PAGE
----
The Investment in Infrastructure and Jobs Act (HR 3684) puts cryptocurrencies in the spotlight, with Congress and the Internal Revenue Service (IRS) hoping to collect huge amounts of money in taxes. This reporting regime is projected to generate a staggering $ 28 billion over the next ten years. No other provision in this huge, recently enacted federal law is supposed to produce tax dollars that come close. If you don’t think that means the IRS is coming for your cryptocurrency in a big way and that Congress is working hard to make it easy, think again.
The crypto community was outraged when the measure was first proposed and tried to strongly oppose it. That effort resulted in some reductions, but the provisions were enacted anyway. Some people keep talking about a repeal effort, but that could prove a tough sell when $ 28 billion that the Biden administration might need is at stake. As promulgated, Form 1099 and other reporting standards do not go into effect until December 31, 2023. Still, since Form 1099 reports are made in January for the prior year. That means 2023 will be a great fiscal year.
And with 2022 just around the corner and 2021 tax returns due shortly after, it’s a good time to get your tax affairs in order. The new key questions are if you are a broker, and who is. And how will these onerous reporting standards be applied? With possible civil and even criminal penalties, you can bet that most exchanges, and others who may have doubts as to whether they are brokers subject to the new law, will resolve any doubts in favor of the statement. Surprisingly, what exactly constitutes being involved in a trade or business can be an open question as well.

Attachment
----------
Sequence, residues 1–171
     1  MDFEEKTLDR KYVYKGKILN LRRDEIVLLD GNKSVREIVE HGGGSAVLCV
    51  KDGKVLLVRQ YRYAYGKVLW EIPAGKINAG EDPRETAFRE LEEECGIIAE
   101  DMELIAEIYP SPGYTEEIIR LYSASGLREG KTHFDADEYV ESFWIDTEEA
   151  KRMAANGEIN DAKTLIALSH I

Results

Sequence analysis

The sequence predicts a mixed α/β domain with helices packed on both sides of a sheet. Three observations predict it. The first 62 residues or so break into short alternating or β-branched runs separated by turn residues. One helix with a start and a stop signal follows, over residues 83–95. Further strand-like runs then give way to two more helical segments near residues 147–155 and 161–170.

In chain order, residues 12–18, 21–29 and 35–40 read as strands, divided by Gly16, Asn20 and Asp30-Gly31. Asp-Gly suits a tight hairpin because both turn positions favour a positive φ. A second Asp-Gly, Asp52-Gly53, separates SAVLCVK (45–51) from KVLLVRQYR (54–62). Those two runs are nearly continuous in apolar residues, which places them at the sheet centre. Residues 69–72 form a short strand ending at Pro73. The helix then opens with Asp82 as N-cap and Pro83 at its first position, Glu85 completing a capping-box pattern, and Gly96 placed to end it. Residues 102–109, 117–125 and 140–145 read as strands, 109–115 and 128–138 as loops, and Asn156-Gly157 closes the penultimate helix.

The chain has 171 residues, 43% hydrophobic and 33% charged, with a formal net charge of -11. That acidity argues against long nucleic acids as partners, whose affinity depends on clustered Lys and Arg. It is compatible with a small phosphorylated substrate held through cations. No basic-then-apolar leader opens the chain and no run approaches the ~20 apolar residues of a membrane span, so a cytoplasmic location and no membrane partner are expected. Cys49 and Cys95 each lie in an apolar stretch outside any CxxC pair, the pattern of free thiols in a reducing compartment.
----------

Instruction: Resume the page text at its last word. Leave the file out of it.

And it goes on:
The IRS keeps saying that a lot of people aren’t reporting their cryptocurrencies, but more reporting inevitably means a lot more compliance, worth $ 28 billion. The definition of a broker under section 6045 of the tax code now includes:
“Any person who (in exchange for a consideration) is in charge of regularly providing any service that carries out transfers of digital assets on behalf of another person.”
Digital assets are defined as “any digital representation of value that is recorded in a distributed ledger with cryptographic security or in any similar technology, as specified by the Secretary [del Tesoro]”Digital assets are now specified securities that are subject to declaration on IRS Form 1099-B. It is the same form that stock brokers use to report share sales if any Amazon or other stocks are sold.
The new law gives the Treasury Department and the IRS the ability to write regulations on these new rules. There are rules from broker to broker and others.
Declaration of more than USD 10,000 in cryptocurrencies
The broker’s report on the 1099-B form pales in comparison to the new requirements of the cash report form with its staggering criminal liability. In 2014, the IRS announced that it would treat crypto as property, not money. The repercussions of that rule on your taxes are enormous. That is the reason why almost every successive transfer or trade in crypto (even for another crypto) triggers more taxes. Yet ironically, Congress and the IRS are taking a page of information on cash.
For decades, transactions of more than $ 10,000 in cash have required any business to file an IRS Form 8300 within 15 days to report the cash transaction to the IRS. If you buy a car with more than $ 10,000 in cash, the dealer has to let you know. If you go to the bank and take out your USD 10,001 in cash, the bank is obliged to inform the Treasury. If you pay an advisor with more than USD 10,000 in cash, the advisor must inform the Treasury.